KATHLEEN BRÜSSOW, ANJA FASSE, ULRIKE GROTE
Leibniz Universität Hannover, Institute for Environmental Economics and World Trade, Germany
In order to provide food for a growing population in Tanzania, there is pressure to increase its agricultural production. In the light of climate change, small-scale farmers have started to adopt strategies to sustain their food production. The objective of this paper is to explore which strategies small"=scale farmers adopt and which factors determine the adoption decision. Furthermore, it aims to analyse the implications of adopting climate"=smart strategies for food security. The analyses are based on a household survey conducted in 2014 with 900 small"=scale farmers in rural Tanzania. The randomly selected households were either located in a semi"=arid or in a semi"=humid regional setting. The results indicate that the main climate"=smart strategies adopted by farmers, include fertiliser use, tree planting and adjusting the crop portfolio, i.e. increasing or decreasing the variety of planted crops. According to the farm households, these activities are considered as long"=term adjustments to climate change. The adoption decisions have been found to depend on the number of income sources of the farm households. Thus, a household with more diverse income sources is less likely to adopt a climate"=smart strategy. Further, an increasing distance to village centre has a negative influence on the adoption of the more capital intensive adjustments such as tree planting. Farmers with higher risk"=taking attitudes are more likely to adjust their crop portfolio or increase their fertiliser use. Very important is also that farmers more easily adopt all these climate"=smart strategies (except for decreasing the variety) if they have seen these from others. This finding suggests that on"=farm trials with farmers' participation can be effective in promoting climate"=smart strategies. The implications for the food security of the farm households have been proxied by the Food Consumption Score (FCS). The t"=tests suggest that adopters of crop diversification have on average a higher FCS than non"=adopters. Fertiliser users are on average less food secure with a lower average FCS but they also have on average a lower net income than non"=adopters. This supports the assumption that the adoption strategy of fertiliser, including manure, is the first strategy chosen by relatively poorer farmers.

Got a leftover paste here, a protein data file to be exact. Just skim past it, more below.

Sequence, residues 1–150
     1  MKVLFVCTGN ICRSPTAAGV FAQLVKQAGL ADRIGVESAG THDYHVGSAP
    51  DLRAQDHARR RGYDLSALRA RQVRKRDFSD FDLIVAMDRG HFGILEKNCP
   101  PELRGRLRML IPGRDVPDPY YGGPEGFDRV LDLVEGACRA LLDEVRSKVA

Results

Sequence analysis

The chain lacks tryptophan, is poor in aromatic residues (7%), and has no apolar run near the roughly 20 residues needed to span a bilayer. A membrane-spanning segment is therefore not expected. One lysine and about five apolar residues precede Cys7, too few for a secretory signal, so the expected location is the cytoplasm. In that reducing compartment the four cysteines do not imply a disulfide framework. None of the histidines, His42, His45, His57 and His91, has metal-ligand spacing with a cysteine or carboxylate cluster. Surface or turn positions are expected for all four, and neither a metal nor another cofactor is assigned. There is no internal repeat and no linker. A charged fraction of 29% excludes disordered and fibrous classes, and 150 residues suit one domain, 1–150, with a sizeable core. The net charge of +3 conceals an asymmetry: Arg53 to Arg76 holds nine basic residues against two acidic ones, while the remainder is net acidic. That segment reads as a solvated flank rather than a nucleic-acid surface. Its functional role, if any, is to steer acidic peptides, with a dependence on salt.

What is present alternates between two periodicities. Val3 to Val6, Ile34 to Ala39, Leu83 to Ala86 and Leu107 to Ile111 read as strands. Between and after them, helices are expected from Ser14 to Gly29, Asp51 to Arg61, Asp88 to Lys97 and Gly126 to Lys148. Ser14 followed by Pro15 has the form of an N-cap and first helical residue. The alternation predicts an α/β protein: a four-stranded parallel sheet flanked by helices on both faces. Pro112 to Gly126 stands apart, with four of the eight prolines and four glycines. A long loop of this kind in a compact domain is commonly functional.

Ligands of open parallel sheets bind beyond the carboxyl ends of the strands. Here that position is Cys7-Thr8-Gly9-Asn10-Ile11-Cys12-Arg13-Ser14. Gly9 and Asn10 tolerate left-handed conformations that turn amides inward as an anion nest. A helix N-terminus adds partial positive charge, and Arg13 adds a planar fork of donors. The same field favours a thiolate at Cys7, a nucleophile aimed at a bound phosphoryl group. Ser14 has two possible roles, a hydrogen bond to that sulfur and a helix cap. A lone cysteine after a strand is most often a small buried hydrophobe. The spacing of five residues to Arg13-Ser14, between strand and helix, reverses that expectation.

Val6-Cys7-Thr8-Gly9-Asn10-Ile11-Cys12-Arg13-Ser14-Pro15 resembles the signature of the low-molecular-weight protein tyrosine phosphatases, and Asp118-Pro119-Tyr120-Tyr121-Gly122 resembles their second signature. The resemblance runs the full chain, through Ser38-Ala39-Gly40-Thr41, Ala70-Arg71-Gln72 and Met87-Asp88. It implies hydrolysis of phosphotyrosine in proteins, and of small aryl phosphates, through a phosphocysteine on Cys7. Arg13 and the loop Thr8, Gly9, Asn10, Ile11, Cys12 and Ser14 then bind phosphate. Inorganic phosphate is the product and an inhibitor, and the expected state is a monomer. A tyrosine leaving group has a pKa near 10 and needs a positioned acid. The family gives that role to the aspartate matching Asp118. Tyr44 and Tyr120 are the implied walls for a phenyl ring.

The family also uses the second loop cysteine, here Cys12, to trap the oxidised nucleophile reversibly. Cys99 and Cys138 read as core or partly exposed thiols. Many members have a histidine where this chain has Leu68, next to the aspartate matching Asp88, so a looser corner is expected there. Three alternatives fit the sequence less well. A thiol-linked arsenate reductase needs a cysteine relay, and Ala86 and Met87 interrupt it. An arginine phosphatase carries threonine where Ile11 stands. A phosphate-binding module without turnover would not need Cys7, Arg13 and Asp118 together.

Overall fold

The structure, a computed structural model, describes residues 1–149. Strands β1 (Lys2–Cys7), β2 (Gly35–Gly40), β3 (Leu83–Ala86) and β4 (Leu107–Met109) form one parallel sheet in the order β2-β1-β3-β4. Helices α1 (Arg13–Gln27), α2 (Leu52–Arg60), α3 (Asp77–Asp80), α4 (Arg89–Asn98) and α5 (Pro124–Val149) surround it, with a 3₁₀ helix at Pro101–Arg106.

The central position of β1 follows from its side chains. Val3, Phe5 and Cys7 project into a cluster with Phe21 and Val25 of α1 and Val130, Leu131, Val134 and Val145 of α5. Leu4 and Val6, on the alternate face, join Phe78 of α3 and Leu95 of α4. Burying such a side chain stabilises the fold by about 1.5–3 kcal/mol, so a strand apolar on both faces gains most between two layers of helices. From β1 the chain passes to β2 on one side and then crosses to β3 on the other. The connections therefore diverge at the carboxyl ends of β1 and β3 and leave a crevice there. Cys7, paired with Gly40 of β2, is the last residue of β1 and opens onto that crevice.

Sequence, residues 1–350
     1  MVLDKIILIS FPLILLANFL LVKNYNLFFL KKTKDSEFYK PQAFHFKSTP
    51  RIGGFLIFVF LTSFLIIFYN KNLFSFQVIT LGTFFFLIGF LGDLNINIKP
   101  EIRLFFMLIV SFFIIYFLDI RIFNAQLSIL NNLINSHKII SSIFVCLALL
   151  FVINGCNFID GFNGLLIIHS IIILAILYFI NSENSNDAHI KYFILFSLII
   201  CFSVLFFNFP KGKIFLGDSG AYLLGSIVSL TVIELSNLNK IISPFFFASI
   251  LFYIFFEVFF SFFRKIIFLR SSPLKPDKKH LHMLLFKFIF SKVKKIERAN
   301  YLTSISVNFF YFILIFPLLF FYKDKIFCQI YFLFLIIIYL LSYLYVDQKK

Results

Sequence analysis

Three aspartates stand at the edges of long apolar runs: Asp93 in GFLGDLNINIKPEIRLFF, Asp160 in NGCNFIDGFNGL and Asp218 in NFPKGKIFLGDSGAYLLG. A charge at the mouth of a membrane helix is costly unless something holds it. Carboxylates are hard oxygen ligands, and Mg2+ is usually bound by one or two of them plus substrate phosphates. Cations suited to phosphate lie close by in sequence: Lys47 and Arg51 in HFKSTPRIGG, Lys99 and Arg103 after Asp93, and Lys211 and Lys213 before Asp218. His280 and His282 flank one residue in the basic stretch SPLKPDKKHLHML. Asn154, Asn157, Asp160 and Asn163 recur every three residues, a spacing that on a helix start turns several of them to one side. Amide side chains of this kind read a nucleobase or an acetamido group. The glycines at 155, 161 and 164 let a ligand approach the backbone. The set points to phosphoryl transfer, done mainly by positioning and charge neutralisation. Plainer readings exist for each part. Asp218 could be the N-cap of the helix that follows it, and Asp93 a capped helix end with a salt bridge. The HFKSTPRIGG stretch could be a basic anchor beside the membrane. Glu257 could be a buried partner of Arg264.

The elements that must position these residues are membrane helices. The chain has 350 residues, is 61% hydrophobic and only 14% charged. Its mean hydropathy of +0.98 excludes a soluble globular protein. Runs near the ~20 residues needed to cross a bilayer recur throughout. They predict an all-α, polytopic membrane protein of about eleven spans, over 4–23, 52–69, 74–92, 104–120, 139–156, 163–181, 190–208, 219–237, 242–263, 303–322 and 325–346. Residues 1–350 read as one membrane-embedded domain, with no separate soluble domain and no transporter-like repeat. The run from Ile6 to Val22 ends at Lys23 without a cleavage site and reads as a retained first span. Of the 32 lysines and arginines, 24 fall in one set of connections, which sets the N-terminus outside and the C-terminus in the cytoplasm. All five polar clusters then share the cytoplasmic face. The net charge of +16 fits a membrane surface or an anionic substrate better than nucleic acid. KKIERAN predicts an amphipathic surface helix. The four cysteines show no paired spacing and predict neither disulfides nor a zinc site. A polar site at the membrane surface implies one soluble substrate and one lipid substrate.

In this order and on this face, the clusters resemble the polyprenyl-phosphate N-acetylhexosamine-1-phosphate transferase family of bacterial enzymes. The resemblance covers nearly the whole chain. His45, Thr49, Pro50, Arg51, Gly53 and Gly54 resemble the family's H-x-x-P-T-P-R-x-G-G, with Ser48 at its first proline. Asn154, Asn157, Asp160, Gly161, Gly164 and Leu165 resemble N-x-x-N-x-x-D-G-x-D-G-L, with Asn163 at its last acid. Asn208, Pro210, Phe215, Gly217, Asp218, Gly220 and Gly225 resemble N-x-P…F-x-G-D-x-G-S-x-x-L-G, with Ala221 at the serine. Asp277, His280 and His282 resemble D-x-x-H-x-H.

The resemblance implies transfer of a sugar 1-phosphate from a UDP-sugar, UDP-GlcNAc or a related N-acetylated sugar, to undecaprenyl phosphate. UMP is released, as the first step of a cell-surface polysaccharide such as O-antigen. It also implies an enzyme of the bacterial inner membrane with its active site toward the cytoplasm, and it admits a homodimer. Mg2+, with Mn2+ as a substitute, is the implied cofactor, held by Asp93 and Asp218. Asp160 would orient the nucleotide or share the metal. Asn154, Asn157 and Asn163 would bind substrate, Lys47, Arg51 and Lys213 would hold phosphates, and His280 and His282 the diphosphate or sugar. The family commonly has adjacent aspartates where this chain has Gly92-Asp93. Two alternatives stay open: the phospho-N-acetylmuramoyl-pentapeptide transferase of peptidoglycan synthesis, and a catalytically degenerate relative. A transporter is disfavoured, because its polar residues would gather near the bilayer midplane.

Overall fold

Keywords: Adaptation, climate change, food security, Tanzania